The functions

f_n(x)=\frac{x^n}{n!}(\log x-H_n)

satisfy the property


In particular

 f_1(x)=x(\log x-1)

is a primitive of the logarithmic function.

Identities involving π[edit]

There are several infinite summations involving harmonic numbers and powers of π:[3]

\sum_{n=1}^\infty \frac{H_n}{n\cdot 2^n}=\frac{1}{12}\pi ^2;
\sum_{n=1}^\infty \frac{H_n^2}{(n+1)^2}=\frac{11}{360}\pi^4;
\sum_{n=1}^\infty \frac{H_n^2}{n^2}=\frac{17}{360}\pi^4;
\sum_{n=1}^\infty \frac{H_n}{n^3}=\frac{1}{72}\pi^4;


An integral representation given by Euler[4] is

 H_n = \int_0^1 \frac{1 - x^n}{1 - x}\,dx.

The equality above is obvious by the simple algebraic identity

\frac{1-x^n}{1-x}=1+x+\cdots +x^{n-1}.

Using the simple integral transform x = 1−u, an elegant combinatorial expression for Hn is

H_n &= \int_0^1 \frac{1 - x^n}{1 - x}\,dx \\
&=-\int_1^0\frac{1-(1-u)^n}{u}\,du \\
&= \int_0^1\frac{1-(1-u)^n}{u}\,du \\
&= \int_0^1\left[\sum_{k=1}^n(-1)^{k-1}\binom nk u^{k-1}\right]\,du \\
&= \sum_{k=1}^n (-1)^{k-1}\binom nk \int_0^1u^{k-1}\,du \\
&= \sum_{k=1}^n(-1)^{k-1}\frac{1}{k}\binom nk .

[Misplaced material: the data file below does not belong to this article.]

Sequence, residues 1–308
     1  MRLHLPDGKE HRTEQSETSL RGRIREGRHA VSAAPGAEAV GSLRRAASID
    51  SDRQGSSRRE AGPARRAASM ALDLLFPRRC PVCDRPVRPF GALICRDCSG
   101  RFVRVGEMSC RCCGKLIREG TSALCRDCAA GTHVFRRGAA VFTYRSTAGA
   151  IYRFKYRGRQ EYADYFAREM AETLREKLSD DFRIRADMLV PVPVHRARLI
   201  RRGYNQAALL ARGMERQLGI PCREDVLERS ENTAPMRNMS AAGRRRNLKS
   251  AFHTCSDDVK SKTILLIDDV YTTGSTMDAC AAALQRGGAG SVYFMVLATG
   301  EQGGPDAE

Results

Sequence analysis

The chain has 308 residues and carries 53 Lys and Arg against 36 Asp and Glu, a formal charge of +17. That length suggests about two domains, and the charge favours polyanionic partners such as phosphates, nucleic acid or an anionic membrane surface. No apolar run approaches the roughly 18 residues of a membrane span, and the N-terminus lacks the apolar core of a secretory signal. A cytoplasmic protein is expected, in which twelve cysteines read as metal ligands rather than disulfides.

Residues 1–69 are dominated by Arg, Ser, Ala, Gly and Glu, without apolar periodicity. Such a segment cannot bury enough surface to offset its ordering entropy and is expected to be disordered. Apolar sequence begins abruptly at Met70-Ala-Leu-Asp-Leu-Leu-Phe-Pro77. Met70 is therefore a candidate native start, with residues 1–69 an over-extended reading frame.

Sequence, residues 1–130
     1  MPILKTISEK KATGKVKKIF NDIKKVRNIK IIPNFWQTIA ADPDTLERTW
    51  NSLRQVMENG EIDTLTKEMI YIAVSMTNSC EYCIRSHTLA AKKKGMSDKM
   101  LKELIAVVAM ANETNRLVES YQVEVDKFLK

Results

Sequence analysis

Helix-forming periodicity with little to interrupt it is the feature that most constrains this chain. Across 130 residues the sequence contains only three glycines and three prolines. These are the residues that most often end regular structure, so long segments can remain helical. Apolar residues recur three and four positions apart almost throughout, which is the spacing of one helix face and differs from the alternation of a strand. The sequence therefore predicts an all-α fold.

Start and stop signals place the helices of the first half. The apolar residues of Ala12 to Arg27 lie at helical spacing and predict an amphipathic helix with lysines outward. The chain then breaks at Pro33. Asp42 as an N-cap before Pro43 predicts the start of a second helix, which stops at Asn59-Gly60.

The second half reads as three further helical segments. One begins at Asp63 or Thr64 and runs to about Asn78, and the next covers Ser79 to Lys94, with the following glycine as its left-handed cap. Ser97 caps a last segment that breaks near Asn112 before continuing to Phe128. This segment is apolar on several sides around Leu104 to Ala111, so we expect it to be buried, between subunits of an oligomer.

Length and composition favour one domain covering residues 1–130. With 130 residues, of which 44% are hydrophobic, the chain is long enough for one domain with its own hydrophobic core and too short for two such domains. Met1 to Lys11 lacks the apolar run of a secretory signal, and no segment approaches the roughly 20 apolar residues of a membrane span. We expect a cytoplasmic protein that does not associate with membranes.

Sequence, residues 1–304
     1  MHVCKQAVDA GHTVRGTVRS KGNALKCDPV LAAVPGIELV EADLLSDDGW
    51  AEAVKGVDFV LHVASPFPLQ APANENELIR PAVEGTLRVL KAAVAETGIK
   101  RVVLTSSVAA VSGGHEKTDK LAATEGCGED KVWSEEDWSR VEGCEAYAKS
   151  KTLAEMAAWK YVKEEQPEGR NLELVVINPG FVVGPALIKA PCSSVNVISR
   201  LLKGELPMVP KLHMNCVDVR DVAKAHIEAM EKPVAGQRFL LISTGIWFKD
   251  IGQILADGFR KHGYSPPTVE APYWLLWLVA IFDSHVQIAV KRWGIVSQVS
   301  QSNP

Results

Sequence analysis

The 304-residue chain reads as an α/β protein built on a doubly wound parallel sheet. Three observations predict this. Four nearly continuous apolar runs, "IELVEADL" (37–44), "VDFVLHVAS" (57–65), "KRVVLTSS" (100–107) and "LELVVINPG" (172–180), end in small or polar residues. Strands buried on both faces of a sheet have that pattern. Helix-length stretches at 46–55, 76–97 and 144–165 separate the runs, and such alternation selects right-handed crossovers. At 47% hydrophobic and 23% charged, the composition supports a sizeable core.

The same representation can be produced by using the third Retkes identity by setting x_1=1,\ldots,x_n=n and using the fact that \Pi_k(1,\ldots,n)=(-1)^{n-k}(k-1)!(n-k)!

H_n=H_{n,1}=\sum_{k=1}^n\frac{1}{k}=(-1)^{n-1}n!\sum_{k=1}^n\frac{1}{k^2\Pi_k(1,\ldots,n)}=\sum_{k=1}^n(-1)^{k-1}\frac{1}{k}\binom nk.

Graph demonstrating a connection between harmonic numbers and the natural logarithm. The harmonic number Hn can be interpreted as a Riemann sum of the integral: \int_1^{n+1} \frac{1}{x} \mathrm{d}x = \ln(n+1)

The nth harmonic number is about as large as the natural logarithm of n. The reason is that the sum is approximated by the integral

\int_1^n {1 \over x}\, dx

whose value is ln(n).

The values of the sequence Hn - ln(n) decrease monotonically towards the limit

 \lim_{n \to \infty} \left(H_n - \ln n\right) = \gamma,

where γ ≈ 0.5772156649 is the Euler–Mascheroni constant. The corresponding asymptotic expansion as n → ∞ is

H_n \sim \ln{n}+\gamma+\frac{1}{2n}-\sum_{k=1}^\infty \frac{B_{2k}}{2k n^{2k}}=\ln{n}+\gamma+\frac{1}{2n}-\frac{1}{12n^2}+\frac{1}{120n^4}-\cdots,

where B_k are the Bernoulli numbers.